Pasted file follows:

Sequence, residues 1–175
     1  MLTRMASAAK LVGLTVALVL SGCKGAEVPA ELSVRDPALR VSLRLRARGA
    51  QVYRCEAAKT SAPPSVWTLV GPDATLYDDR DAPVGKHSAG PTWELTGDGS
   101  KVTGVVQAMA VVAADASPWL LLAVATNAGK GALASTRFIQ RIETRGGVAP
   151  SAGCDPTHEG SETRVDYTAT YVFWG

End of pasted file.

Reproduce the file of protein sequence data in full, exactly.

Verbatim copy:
Sequence, residues 1–175
     1  MLTRMASAAK LVGLTVALVL SGCKGAEVPA ELSVRDPALR VSLRLRARGA
    51  QVYRCEAAKT SAPPSVWTLV GPDATLYDDR DAPVGKHSAG PTWELTGDGS
   101  KVTGVVQAMA VVAADASPWL LLAVATNAGK GALASTRFIQ RIETRGGVAP
   151  SAGCDPTHEG SETRVDYTAT YVFWG